"It means never try to catch the very top (the last thrust in a bull market, when conditions tell you it's too risky; i.e., when momentum, emotion and stimulus [but not fundamentals] are pushing the market higher), and never wait for the perfect bottom (when stocks, because of momentum and fear, are moving lower past the point where conditions tell you it's time to reengage)."As for the perils of trying to catch “first eighth”, that would be jumping on board during the first up move after a steep decline, without general conditions signaling you do so; the term is “whipsaw”, and it’s an ugly thing to experience.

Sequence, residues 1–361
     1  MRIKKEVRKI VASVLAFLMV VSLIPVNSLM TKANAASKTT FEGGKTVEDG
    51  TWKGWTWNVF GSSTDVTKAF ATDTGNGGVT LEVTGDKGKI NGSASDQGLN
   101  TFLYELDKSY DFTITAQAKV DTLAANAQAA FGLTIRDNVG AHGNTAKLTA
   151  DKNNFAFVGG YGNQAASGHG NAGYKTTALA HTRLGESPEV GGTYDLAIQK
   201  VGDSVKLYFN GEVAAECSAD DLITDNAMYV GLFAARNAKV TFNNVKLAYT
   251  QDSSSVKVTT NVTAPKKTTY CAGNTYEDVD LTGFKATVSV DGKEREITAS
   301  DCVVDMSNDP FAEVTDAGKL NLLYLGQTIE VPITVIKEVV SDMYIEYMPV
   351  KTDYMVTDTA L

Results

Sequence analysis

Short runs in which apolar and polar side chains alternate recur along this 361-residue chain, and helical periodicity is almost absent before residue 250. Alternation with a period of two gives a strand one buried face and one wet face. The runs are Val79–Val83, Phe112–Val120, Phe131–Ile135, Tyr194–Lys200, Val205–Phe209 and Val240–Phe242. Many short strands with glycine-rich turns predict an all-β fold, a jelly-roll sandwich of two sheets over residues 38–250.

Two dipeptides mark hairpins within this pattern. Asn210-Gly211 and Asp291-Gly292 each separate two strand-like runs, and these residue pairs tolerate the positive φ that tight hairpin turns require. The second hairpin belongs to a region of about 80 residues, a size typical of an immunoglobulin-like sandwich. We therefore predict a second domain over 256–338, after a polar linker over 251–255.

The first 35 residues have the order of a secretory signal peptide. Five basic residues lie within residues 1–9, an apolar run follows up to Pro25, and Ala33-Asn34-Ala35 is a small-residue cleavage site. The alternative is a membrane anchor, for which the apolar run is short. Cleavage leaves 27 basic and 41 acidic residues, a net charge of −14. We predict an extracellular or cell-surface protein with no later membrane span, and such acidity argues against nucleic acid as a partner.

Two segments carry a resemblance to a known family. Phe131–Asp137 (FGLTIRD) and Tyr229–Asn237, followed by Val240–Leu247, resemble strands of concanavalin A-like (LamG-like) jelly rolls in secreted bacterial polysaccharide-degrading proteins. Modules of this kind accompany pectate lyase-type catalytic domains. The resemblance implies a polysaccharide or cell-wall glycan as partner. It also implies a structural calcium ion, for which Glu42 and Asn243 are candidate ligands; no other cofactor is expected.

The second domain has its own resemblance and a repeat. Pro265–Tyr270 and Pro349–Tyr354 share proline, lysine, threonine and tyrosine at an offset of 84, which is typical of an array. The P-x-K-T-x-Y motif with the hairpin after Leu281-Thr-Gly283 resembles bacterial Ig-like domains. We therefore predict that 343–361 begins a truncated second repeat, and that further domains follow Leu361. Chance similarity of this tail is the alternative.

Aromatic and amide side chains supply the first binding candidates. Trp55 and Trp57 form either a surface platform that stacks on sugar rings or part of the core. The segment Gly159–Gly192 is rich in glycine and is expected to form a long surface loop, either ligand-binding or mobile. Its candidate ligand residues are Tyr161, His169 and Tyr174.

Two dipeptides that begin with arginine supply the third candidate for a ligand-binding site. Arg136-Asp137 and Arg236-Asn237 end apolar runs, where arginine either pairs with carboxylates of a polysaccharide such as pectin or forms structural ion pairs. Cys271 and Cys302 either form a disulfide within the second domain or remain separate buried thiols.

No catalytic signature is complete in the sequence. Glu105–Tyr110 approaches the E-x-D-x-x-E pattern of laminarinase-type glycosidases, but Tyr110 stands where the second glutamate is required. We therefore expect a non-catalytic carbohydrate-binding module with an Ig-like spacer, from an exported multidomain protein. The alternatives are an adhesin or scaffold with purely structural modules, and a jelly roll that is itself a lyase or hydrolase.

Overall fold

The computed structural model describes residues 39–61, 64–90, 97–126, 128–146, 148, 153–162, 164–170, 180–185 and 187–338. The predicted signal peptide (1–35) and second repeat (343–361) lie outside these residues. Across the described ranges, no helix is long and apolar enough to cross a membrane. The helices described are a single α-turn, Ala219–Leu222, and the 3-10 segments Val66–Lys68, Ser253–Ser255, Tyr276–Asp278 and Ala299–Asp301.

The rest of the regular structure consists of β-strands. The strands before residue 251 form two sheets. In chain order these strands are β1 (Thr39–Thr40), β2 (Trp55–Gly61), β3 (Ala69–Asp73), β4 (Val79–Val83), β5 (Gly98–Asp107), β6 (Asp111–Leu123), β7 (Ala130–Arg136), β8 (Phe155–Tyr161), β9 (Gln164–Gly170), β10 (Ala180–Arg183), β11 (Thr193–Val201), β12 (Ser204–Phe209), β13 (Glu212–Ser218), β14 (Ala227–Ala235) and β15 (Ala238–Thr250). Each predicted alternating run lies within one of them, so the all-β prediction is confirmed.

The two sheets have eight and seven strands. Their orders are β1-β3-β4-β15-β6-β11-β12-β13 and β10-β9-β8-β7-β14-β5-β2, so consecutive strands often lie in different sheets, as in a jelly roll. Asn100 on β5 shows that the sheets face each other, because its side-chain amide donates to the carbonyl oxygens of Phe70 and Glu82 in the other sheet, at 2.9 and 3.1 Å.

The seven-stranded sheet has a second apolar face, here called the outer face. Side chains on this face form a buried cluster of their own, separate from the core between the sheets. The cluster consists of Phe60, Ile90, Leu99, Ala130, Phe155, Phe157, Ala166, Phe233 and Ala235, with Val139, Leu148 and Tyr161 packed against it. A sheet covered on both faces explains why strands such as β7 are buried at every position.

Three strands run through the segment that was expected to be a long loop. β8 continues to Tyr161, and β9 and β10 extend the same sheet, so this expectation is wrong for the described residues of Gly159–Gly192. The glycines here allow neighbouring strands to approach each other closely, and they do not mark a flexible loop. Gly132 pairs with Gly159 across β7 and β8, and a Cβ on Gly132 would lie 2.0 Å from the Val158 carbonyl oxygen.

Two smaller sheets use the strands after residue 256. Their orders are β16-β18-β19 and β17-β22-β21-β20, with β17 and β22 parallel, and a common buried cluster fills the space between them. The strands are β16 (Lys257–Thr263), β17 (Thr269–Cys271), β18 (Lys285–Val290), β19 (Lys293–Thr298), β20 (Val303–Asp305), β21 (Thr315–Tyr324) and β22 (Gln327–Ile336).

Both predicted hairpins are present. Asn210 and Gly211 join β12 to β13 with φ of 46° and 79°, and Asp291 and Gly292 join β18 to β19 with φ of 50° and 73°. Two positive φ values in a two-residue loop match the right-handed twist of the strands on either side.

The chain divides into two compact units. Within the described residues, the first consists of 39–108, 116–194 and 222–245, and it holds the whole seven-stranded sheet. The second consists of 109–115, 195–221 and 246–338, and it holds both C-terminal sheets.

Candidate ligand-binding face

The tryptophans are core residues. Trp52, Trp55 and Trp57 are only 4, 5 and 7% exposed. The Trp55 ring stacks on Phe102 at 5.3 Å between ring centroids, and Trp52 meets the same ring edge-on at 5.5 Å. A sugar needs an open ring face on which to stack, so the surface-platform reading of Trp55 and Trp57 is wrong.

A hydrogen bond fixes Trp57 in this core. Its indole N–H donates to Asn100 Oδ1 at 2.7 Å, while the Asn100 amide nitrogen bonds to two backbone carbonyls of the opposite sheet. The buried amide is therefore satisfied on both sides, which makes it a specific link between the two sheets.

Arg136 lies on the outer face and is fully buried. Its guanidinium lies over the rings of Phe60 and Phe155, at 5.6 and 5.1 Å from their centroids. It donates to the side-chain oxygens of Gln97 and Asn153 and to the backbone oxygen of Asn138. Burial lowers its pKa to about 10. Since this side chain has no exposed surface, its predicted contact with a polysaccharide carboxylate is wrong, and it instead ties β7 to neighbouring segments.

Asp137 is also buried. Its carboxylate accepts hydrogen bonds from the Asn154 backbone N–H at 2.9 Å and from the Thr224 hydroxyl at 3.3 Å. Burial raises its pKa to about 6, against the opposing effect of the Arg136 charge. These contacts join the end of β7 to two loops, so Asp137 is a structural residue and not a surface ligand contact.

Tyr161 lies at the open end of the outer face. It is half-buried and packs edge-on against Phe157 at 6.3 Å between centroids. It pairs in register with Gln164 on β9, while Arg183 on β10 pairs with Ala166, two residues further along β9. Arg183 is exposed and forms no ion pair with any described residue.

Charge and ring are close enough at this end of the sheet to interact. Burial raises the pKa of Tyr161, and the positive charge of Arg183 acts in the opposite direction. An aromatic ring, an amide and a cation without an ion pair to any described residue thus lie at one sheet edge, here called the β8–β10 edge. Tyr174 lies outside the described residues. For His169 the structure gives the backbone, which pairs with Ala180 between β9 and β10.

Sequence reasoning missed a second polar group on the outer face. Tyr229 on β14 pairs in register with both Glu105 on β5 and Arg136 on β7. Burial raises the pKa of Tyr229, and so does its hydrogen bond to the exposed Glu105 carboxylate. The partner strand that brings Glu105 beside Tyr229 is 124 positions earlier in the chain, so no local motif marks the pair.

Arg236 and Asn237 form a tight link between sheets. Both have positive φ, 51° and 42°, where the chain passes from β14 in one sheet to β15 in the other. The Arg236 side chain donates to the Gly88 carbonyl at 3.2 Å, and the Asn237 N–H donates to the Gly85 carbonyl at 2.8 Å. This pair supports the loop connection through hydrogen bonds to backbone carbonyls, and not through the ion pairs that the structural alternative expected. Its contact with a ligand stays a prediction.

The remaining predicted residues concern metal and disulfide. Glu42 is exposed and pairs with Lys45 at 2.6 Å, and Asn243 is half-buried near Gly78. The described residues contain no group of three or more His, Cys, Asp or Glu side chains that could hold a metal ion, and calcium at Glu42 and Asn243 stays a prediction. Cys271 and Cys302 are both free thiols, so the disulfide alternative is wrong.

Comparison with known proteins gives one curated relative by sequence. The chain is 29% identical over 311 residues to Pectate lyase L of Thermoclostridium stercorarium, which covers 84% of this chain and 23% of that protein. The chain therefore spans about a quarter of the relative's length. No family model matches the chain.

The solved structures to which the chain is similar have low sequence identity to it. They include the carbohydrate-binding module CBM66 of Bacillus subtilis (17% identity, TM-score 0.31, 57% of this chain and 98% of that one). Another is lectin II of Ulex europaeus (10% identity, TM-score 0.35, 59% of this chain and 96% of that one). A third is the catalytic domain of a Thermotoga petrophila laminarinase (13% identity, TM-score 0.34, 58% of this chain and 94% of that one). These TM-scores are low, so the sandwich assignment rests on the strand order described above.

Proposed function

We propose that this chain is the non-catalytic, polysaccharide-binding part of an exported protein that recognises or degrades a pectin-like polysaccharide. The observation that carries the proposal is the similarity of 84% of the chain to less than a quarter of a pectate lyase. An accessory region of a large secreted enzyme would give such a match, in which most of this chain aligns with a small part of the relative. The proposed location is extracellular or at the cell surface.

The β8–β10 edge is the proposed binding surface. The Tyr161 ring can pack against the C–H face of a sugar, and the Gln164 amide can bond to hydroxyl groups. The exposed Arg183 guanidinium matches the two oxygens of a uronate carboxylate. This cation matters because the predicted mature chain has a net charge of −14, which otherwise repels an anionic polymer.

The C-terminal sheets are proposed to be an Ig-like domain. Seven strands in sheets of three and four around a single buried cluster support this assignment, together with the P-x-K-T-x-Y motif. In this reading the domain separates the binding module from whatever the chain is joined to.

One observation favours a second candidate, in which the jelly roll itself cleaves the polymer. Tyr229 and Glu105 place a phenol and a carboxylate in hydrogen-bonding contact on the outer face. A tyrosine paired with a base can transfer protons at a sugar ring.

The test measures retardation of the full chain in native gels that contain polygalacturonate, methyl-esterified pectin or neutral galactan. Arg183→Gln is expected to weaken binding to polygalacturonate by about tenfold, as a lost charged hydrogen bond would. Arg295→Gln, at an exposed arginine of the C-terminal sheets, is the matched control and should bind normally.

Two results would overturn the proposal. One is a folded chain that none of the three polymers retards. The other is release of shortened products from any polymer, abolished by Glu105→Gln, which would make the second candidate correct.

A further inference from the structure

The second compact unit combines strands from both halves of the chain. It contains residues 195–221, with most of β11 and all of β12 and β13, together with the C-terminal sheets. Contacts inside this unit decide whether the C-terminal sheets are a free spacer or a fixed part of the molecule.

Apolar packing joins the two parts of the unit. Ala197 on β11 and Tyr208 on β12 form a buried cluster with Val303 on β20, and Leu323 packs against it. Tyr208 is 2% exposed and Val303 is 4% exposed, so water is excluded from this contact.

"One of the most helpful things that anybody can learn is to give up trying to catch the last eighth—or the first. These two are the most expensive eighths in the world. They have cost stock traders, in the aggregate, enough millions of dollars to build a concrete highway across the continent."